|The debut album of The Loading Zone was released by RCA in June, 1968|
The Loading Zone-Performance List 1970
The Loading Zone, while obscure, are a uniquely important group in Bay Area music history. The Zone had a singly dizzying history. Loading Zone had initially been formed out of the ashes of a Berkeley group called The Marbles (who played the first Family Dog Longshoreman’s Hall Dance on October 16, 1965). The two guitarists from The Marbles then joined with organist/vocalist Paul Fauerso (formerly of Oakland’s Tom Paul trio, a jazz combo) and played a hitherto unheard mixture of psychedelic blues and funky R&B.
Loading Zone were based out of Oakland, in a house on West 14th Street. While they had played the original Trips Festival and many dates at the Fillmore and Avalon, they also played many dances and soul clubs in the East Bay. They added horns, and after some false starts, a powerhouse vocalist named Linda Tillery, and released an under-rehearsed album on RCA in 1968. The band also had a brief national tour, and played all the clubs in the Bay Area.
The Loading Zone thus laid the blueprint for the progressive soul music of Bay Area bands like Sly and The Family Stone and Tower of Power. Indeed, a Zone roadie, high school student Steve Kupka, played baritone sax with the band’s horn section, when there was room on stage and he was allowed in the club. At one such gig, he met a Fremont band called The Motowns, and they joined forces to create Tower Of Power.
|The Loading Zone, ca. 1968|
The unique status of the Loading Zone led to a major research project on their history. Besides creating a log of all known performances, based on the information available to us at that time, Ross created a spectacular Loading Zone Family Tree. The Tree gives a well-articulated picture of how the band was formed, and what it created. In retrospect, we did a really good job on the 1960s Loading Zone. Our information on the band in the early 1970s, however, was very limited, and some of it was actually incorrect.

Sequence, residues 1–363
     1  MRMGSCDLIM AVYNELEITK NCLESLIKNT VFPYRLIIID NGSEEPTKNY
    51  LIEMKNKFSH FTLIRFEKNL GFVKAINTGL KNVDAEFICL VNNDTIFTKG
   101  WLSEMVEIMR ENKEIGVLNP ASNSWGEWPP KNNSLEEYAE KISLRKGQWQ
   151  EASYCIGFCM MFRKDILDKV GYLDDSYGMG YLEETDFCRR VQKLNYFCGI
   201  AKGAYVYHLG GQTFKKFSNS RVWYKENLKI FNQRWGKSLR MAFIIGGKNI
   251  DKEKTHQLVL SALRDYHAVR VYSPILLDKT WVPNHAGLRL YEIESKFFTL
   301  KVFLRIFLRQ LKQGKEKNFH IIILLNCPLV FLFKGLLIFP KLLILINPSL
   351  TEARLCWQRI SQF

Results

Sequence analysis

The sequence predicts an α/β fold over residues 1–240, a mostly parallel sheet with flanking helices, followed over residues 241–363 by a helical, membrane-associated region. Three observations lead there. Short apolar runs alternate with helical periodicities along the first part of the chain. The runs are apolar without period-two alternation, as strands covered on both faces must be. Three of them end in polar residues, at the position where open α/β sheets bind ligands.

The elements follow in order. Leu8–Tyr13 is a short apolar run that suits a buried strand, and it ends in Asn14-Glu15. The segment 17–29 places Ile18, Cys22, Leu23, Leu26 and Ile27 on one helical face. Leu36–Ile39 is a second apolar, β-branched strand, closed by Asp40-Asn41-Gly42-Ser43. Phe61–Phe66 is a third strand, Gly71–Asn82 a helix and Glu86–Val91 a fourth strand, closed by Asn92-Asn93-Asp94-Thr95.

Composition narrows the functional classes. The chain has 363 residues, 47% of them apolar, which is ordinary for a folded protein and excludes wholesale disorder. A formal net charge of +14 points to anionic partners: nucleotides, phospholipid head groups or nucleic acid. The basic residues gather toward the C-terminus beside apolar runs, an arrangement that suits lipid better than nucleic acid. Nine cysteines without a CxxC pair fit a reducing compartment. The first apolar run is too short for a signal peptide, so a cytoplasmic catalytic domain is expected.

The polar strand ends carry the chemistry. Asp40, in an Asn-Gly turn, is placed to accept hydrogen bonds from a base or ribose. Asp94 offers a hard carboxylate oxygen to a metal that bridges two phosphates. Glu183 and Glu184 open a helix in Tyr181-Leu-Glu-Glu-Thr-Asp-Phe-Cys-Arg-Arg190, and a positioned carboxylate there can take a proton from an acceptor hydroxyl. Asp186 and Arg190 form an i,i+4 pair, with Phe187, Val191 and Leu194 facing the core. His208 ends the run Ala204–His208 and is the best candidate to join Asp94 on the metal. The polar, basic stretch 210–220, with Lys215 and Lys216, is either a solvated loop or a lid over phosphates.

With new information sources easily available, I am beginning a series of posts about the performance history of the Loading Zone from 1970 through their breakup in September 1972. The logging of the band's gigs, large and small, also acts as a survey of the different types of bookings available to a working rock band in the Bay Area at the time. This post will focus on all the known performances of the Loading Zone from 1970. Anyone with updates, corrections, insights, recovered memories or flashbacks with respect to the Loading Zone is heartily encouraged to put them in the Comments.
|Loading Zone guitarist Pete Shapiro on the front porch of the Loading Zone house on 14th Street in West Oakland, sometime around 1967 (the house was identified by Shapiro's then-girlfriend)|
The Loading Zone-1960s
1966-The Loading Zone were formed out of the ashes of the Tom Paul Jazz Trio and The Marbles, a British Invasion-styled rock band. They debuted on January 14, 1966. The band pioneered a blend of rhythm and blues with psychedelic guitar solos, showing that the mix worked in both hippie ballrooms and regular R&B dance gigs. The Loading Zone played the Trips Festival and many other foundational ballroom events, while playing dance clubs at the same time.
1967-The Loading Zone expanded their membership, experimenting with a female vocalist, and adding a horn section on occasion. The band played gigs all over the Bay Area, particularly in the East Bay.